Review: Light & Motion’s SOLA600 focus light

**Field Review: Light & Motion’s SOLA600 focus light**

Regular readers of my reviews will know that I try and cast a critical eye over products. Despite the high quality of most gear these days, I don’t see the benefit to readers of writing reviews that say every product is totally wonderful. I adopt a similar approach with my photos, always looking for areas for improvement. So it might be a surprise to hear straight off that the Light and Motion SOLA600 focus and video light is my favourite underwater photography accessory of the last 12 months. Let me explain.

The SOLA600 features a six LED array for white light which is adjustable through three output levels, and a four LED red light array. White light produces 679 lumens, red light 225 lumens.

The importance of a focus light for underwater photography is entirely dependant on what you shoot. If you favour shooting large pelagics in the open ocean or wide angle scenics on a shallow Red Sea reef, they are thoroughly unnecessary. But if you like macro, murky water or night diving then a good focus light can make the fundamental difference between getting and shot and missing out. Norwegian underwater photographer Christian Skauge tells me that in his home waters, he always encourages new shooters to purchase a decent focus light for their compact cameras, before even buying a strobe. There is no point taking photos if the camera cannot focus!


Underwater photographer Neil Rosewarn using the red mode in the Maldives, note how wide a field (on the whip coral) that the light illuminates.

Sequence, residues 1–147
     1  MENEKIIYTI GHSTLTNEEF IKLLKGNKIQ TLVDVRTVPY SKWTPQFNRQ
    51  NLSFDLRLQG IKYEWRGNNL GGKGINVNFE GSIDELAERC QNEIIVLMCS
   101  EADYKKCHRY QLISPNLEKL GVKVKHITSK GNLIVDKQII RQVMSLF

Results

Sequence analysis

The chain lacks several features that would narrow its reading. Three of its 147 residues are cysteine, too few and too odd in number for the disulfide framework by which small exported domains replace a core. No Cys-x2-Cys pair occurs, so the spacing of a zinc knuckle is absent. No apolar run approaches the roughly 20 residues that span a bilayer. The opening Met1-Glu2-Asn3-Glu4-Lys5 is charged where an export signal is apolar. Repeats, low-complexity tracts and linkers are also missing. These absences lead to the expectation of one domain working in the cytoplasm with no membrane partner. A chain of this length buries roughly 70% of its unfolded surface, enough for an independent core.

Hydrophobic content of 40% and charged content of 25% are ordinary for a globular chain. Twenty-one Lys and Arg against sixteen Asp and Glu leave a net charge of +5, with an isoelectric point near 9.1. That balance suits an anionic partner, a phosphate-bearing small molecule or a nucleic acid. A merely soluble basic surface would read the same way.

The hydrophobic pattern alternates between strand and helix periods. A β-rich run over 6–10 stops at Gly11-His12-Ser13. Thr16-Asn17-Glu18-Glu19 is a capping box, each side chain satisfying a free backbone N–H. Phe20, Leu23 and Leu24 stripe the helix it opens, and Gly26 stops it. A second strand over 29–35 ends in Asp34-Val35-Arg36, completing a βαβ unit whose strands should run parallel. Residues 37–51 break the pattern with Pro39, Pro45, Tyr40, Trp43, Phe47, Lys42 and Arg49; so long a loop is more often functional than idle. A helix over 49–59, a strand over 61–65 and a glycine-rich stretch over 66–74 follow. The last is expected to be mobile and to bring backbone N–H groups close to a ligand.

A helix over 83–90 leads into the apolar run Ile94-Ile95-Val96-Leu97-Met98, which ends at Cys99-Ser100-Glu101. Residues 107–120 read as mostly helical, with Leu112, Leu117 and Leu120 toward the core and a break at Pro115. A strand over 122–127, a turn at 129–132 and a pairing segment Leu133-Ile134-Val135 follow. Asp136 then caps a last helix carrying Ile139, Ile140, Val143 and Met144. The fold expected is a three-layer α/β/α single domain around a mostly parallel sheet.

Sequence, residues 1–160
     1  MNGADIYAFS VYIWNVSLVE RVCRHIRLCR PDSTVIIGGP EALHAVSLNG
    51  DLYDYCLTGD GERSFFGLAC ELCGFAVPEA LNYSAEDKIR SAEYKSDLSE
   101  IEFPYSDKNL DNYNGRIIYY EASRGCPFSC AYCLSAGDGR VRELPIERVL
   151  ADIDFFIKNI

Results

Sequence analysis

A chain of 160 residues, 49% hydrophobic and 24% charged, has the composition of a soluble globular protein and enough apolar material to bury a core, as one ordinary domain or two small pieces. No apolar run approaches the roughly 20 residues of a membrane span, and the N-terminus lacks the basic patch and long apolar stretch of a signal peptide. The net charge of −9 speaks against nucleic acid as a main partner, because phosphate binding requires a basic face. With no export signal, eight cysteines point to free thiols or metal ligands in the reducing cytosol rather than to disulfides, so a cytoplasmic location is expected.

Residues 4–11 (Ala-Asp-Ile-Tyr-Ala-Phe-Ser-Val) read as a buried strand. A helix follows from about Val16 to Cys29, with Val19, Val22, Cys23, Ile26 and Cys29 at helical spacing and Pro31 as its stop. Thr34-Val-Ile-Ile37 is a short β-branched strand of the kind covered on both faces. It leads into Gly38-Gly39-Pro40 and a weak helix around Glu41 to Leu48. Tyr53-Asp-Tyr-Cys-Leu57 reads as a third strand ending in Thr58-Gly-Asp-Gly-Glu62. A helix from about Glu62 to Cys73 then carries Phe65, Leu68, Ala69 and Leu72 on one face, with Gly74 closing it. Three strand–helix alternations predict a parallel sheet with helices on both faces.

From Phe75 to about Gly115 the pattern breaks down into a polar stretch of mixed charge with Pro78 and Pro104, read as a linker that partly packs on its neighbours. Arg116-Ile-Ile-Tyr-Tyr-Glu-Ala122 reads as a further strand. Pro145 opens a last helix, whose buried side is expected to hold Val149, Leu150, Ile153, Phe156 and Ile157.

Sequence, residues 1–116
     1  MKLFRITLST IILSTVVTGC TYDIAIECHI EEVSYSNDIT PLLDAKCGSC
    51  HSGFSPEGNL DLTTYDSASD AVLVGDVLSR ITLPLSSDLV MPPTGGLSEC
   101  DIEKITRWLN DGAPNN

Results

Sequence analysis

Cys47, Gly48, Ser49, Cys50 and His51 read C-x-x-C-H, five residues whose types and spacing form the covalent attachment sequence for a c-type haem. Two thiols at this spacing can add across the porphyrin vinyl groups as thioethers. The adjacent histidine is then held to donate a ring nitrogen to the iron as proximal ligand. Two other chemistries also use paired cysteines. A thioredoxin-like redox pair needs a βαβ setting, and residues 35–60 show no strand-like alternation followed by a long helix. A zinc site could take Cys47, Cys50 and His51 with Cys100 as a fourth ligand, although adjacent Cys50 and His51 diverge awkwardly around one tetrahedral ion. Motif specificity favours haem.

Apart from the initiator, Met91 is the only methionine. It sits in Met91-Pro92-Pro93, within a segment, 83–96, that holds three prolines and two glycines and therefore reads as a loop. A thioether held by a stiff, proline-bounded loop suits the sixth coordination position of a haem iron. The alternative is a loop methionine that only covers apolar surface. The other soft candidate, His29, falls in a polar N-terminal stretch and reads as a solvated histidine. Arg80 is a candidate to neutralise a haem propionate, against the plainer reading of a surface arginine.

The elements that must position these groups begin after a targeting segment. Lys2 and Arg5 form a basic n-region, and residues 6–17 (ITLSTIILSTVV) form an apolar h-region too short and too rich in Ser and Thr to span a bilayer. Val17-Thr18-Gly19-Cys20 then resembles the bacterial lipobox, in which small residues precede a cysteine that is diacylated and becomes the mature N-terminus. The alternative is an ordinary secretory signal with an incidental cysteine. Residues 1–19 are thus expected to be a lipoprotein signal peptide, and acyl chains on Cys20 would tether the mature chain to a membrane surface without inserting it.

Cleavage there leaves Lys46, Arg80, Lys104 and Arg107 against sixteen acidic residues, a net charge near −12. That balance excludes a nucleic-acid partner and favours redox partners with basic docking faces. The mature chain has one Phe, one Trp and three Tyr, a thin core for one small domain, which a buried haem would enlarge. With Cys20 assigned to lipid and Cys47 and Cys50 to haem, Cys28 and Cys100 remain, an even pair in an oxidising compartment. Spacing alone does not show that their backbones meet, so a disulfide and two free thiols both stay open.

Standard diving torches can be used for focusing, but with narrow beams we find we spend as much dive time adjusting their aim as concentrating on our photography. Also with a focussed bright spot of light, we are more likely to spook critters as they are suddenly exposed to the full glare on our approach. They are not the right tool for the job. Another common solution is using the aiming lights from your strobe, however this relies on having to aim the centre of your strobe beam directly at the subject, which is not always ideal. It also requires constant fiddling with your strobe positions making it an inefficient use of dive time.

The big revolution in focus lights came with the introduction of Fisheye FIX light range (highly recommend in James Wiseman’s Wetpixel review in 2004, which was the product that caused a mainstream switch from small diving torches to dedicated focus lights among serious shooters. The FIX lights first used standard bulbs and in the last 18 months or so, have switched over to excellent LED based units. These lights produce a really wide, soft beam meaning basically meaning there is no need to re-aim them during a dive. The wide pool of light also seems to be less shocking to subjects. The FIX lights also raised the financial stakes, taking focus lights from the sub $100 USD realm to that of several 100. The current range topper, the FIX LED 1000, retails around $599 and the FIX LED 500 at £299. This is the high-end market that the SOLA600 is aimed at, retailing at $579 (all prices: Backscatter.com).


Comparison between SOLA600 and my FIX LED 500, photographed side by side, note that my FIX light runs on AA batteries, so is slightly longer than rechargeable units.